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Table of Contents

Acknowledgments xxxiii

About the Author xxxv

 

Chapter 1: Introduction 1

1.1 Systems Performance 1

1.2 Roles 2

1.3 Activities 3

1.4 Perspectives 4

1.5 Performance Is Challenging 4

1.6 Latency 6

1.7 Dynamic Tracing 7

1.8 Cloud Computing 8

1.9 Case Studies 9

 

Chapter 2: Methodology 15

2.1 Terminology 16

2.2 Models 17

2.3 Concepts 18

2.4 Perspectives 32

2.5 Methodology 35

2.6 Modeling 57

2.7 Capacity Planning 65

2.8 Statistics 69

2.9 Monitoring 74

2.10 Visualizations 76

2.11 Exercises 82

2.12 References 82

 

Chapter 3: Operating Systems 85

3.1 Terminology 86

3.2 Background 87

3.3 Kernels 105

3.4 Exercises 113

3.5 References 113

 

Chapter 4: Observability Tools 115

4.1 Tool Types 116

4.2 Observability Sources 120

4.3 DTrace 133

4.4 SystemTap 144

4.5 perf 149

4.6 Observing Observability 150

4.7 Exercises 151

4.8 References 151

 

Chapter 5: Applications 153

5.1 Application Basics 153

5.2 Application Performance Techniques 158

5.3 Programming Languages 163

5.4 Methodology and Analysis 167

5.5 Exercises 186

5.6 References 187

 

Chapter 6: CPUs 189

6.1 Terminology 190

6.2 Models 191

6.3 Concepts 193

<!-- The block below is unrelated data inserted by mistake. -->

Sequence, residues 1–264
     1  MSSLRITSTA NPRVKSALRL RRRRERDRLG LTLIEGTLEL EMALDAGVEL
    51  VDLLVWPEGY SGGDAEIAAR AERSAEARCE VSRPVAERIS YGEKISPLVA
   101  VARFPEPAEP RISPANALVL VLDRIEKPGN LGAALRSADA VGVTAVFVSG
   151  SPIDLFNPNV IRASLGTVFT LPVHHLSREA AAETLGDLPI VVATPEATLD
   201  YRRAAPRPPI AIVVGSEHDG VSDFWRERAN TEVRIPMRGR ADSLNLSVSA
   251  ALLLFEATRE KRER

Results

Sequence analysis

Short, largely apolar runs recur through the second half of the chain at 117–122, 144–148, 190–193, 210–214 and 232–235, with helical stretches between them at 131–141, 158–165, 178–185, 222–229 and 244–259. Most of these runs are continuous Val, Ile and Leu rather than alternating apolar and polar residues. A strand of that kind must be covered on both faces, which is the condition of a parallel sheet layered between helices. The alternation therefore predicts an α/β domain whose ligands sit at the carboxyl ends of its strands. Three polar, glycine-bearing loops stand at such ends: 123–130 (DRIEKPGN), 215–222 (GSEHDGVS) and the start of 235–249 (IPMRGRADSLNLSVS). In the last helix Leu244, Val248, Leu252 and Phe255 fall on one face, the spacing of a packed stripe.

6.4 Architecture 199

6.5 Methodology 214

6.6 Analysis 224

6.7 Experimentation 254

6.8 Tuning 256

6.9 Exercises 260

6.10 References 262

 

Chapter 7: Memory 265

7.1 Terminology 266

7.2 Concepts 267

7.3 Architecture 272

7.4 Methodology 289

7.5 Analysis 295

7.6 Tuning 314

7.7 Exercises 319

7.8 References 320

 

Chapter 8: File Systems 323

8.1 Terminology 324

8.2 Models 325

8.3 Concepts 326

8.4 Architecture 337

8.5 Methodology 353

8.6 Analysis 362

8.7 Experimentation 383

8.8 Tuning 387

8.9 Exercises 391

8.10 References 392

 

Chapter 9: Disks 395

9.1 Terminology 396

9.2 Models 397

9.3 Concepts 399

9.4 Architecture 407

9.5 Methodology 421

9.6 Analysis 431

9.7 Experimentation 465

9.8 Tuning 467

9.9 Exercises 470

9.10 References 471

 

Chapter 10: Network 473

10.1 Terminology 474

10.2 Models 474

10.3 Concepts 476

10.4 Architecture 483

10.5 Methodology 493

10.6 Analysis 503

10.7 Experimentation 535

10.8 Tuning 536

10.9 Exercises 542

10.10 References 543

 

Chapter 11: Cloud Computing 545